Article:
Election 2016 postings

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Stealthy Changes to NASA Advisory Council

By Keith Cowing on July 22, 2016 12:05 AM.

Keith's note: More than two months ago I posted news that NASA Advisory Council chair Steve Squyres had sent an email to the NAC and to NASA resigning as chair of the NAC. NASA never publicly announced Squyres' departure, never publicly thanked him for his service, etc. How creepy is that?. Now we quietly find out that Ken Bowersox is the "interim chair" of the NAC. Again, no public announcement from NASA. Who cares, I guess.

There is a meeting planned for next week 28-29 July in Cleveland. Charlie Bolden is on constant travel - often international - doing a victory lap/farewell tour - with Dava Newman doing much the same (other than photo ops that's all she has ever really done at NASA). As such, one has to ask what value-added the NAC has these days since there is no one home on the 9th floor at NASA HQ to pay attention to the NAC.

NASA Advisory Council Chair Steve Squyres Resigns, earlier post

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Astronaut Mark Kelly Will Speak at Democratic National Convention

By Keith Cowing on July 21, 2016 8:41 PM.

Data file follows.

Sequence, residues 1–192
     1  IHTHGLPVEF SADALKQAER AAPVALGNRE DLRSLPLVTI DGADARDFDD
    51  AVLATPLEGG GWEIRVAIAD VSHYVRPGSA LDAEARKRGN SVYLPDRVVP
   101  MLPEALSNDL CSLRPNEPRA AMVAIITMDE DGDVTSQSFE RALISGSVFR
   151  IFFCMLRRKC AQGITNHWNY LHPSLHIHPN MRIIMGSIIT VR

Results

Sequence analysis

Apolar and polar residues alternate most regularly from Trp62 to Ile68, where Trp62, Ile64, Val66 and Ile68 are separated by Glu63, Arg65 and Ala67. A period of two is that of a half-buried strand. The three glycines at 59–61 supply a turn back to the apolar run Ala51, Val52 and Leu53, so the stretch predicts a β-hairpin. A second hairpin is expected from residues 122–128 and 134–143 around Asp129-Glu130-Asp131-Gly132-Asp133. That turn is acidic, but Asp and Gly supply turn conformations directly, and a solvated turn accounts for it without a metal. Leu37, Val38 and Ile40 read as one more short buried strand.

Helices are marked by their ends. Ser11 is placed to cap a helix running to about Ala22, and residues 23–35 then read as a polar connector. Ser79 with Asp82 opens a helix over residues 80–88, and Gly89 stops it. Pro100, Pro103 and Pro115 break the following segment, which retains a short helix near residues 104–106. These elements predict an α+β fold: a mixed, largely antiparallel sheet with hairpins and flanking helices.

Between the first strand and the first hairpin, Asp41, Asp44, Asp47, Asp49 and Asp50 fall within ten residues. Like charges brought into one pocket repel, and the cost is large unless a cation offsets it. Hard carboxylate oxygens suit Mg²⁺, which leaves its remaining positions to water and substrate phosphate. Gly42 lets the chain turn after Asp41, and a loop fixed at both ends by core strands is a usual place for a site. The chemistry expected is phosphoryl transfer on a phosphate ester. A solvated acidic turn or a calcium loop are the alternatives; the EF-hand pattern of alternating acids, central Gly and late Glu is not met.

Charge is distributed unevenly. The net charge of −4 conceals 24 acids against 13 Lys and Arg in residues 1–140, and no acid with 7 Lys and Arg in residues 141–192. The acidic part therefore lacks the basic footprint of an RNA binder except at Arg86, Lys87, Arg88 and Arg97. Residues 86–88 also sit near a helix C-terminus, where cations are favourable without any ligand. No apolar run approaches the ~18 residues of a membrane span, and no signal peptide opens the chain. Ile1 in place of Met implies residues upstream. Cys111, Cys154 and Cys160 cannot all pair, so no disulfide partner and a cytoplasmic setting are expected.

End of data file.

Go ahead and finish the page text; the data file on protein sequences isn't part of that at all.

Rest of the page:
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Reaction To Eileen Collins' Speech at the Republican Convention

By Keith Cowing on July 21, 2016 1:12 PM.

Sorry, Eileen Collins: Here's why America is already great in space, Ars Technica

"But the public needs to recognize this as well, which is why I was disappointed by Collins and her pining for the Apollo era on such a big stage. The reality is that the best way to "lead on the frontier" in the 21st century is not through flags and footprints, but rather by sending people into space to stay, in a sustainable way, with the eventual aim of making space profitable. One would hope that Donald J. Trump, if he is elected president, would recognize such capitalism when he sees it."

Retired astronaut Eileen Collins endorses Donald Trump in all but name, Mashable

"In a speech before the Republican National Convention on Wednesday night, retired astronaut Eileen Collins delivered a sharp rebuke of NASA's recent leadership, endorsing controversial Republican nominee Donald Trump in all but name. Collins, who was the first woman to command a NASA space shuttle mission, had been expected to deliver a nonpartisan speech, and stopped just shy of issuing a more explicit endorsement. However, the speech will be viewed as a clear critique of NASA's leadership under the Obama administration."